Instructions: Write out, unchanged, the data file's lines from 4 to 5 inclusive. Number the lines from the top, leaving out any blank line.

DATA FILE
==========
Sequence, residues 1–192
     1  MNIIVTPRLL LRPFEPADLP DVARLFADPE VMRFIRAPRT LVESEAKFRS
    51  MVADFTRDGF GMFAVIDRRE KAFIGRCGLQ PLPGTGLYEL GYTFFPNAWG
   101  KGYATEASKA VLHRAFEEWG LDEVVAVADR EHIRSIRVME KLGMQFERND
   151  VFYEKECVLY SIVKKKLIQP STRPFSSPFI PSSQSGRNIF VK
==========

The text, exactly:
   101  KGYATEASKA VLHRAFEEWG LDEVVAVADR EHIRSIRVME KLGMQFERND
   151  VFYEKECVLY SIVKKKLIQP STRPFSSPFI PSSQSGRNIF VK